You’re in a bar/pub/restaurant/eatery/coffee shop/prison/long bus journey talking to your friend/date/cellmate and the time seems right to tell a story. A really good story with lots of detail, plot twists, and amusing stories about carrots that have grown into rude and amusing shapes. Presumably you reach for your notebook/diary/journal to recount all the most important and best bits of the story, right? Nope. Never happens. Even if we have the technology i.e. our smartphone to hand, we wouldn’t reach for it at times like these. Why? Apart from the obvious stiltification of the flow of the moment, we just don’t need to. Why? Because oral history. For most of our time on planet earth us humans (I’m assuming you, the reader, is human or close to it; if you’re a dog, please get in touch, I have a business proposition) haven’t been able to write – we’ve had neither the skills, knowledge or materials (which we’ve acquired through skills and knowledge) to write anything down. We started scribbling on the walls of caves about 40,000 years ago but it took a while to really catch on (the pen – invented around 5000 years ago. The printing press – about 600 years ago) and we still do a pretty good line in oral story telling. Granted, with computers and particularly our little pocket digital friends we are getting fairly terrible at interacting with one another but at the most basic level, we’re still storytellers. Whether it’s relating the day’s events to our wife/husband/boyfriend/girlfriend/cats or giving a knockout presentation to sell something/ourselves we tell stories, or at least we’d be best served if we did. Because, when it comes down to it, life is not about data, it’s not about spread sheets and files; yes, those things can be helpful if we want to be entirely factual (annual accounts is one example where an oral narrative might not hold much water with the tax man) but what really matters is the good shit. If you never wrote down another word for the rest of your days and somebody asked you to retell your life story from your deathbed, you wouldn’t be lost for words, you’d just tell them about the good stuff. So, this is the un-notebook. Don’t write anything down*, just let the good shit stick.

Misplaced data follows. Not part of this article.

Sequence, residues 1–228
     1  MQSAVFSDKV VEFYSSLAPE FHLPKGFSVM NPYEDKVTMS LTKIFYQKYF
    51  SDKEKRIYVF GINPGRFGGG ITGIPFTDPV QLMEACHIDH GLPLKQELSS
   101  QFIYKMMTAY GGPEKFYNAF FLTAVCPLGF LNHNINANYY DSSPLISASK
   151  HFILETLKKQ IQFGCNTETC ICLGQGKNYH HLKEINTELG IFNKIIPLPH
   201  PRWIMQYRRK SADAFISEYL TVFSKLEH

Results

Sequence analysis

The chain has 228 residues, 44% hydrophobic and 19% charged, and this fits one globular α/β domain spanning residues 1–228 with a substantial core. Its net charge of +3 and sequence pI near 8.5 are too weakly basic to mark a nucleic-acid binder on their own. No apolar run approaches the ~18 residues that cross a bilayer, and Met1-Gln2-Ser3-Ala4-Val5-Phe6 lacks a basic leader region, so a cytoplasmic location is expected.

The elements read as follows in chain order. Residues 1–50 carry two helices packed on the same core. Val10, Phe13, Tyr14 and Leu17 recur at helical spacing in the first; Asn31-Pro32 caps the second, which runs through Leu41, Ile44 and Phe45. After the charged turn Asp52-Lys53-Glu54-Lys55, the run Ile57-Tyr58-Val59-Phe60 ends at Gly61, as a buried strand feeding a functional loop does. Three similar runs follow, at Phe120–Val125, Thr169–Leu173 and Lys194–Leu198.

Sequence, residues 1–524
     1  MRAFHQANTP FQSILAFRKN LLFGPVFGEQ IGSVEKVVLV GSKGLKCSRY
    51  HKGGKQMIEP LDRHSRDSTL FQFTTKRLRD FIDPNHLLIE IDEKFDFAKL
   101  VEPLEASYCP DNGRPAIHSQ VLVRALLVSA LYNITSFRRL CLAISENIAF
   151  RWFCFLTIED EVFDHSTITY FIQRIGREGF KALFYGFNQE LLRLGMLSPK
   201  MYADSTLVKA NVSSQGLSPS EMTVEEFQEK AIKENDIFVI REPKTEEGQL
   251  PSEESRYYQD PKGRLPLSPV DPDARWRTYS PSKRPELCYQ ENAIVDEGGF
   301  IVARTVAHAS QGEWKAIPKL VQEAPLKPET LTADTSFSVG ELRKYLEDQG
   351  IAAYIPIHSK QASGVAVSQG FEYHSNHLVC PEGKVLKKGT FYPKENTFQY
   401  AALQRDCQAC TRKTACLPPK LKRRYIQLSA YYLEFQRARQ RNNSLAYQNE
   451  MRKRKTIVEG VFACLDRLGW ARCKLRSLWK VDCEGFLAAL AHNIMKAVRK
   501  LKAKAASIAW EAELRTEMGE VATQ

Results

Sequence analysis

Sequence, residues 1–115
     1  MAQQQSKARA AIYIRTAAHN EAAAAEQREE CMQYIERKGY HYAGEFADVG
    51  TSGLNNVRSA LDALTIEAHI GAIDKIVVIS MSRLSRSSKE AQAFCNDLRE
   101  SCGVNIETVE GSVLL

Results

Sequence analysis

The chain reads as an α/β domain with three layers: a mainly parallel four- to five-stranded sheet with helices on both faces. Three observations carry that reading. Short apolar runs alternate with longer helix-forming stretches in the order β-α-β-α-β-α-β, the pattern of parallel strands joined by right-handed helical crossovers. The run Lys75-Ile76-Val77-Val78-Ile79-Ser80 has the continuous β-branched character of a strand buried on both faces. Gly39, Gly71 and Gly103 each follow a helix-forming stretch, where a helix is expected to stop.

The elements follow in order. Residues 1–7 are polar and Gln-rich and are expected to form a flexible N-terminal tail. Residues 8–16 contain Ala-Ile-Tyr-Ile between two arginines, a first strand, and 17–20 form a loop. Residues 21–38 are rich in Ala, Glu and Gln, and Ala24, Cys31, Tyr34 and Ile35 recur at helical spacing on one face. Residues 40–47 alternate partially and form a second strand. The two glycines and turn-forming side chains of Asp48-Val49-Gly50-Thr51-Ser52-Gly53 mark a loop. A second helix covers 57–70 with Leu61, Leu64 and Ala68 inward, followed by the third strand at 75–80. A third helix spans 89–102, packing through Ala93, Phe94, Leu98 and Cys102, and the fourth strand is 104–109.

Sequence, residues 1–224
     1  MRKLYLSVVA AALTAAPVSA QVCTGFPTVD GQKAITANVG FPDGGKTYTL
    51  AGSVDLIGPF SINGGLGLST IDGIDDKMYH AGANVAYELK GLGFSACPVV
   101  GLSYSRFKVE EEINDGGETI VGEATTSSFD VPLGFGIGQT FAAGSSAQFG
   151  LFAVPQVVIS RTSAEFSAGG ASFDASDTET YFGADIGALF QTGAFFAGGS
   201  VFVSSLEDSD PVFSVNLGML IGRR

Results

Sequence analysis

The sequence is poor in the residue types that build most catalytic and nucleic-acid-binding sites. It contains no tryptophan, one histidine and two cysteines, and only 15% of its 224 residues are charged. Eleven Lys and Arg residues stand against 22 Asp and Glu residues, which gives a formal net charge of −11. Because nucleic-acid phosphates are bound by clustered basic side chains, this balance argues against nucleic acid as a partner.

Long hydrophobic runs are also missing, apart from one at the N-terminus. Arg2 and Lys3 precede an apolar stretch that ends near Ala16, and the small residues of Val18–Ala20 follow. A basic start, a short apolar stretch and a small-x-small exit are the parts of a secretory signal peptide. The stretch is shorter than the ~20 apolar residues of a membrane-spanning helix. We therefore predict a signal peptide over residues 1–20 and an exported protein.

*Clearly you are reading the written word and therefore I have broken my own advice. All of this is caveated by creative writing and journaling are great. My beef is with instant or complete nostalgia where nothing is left to chance or foibles of memory.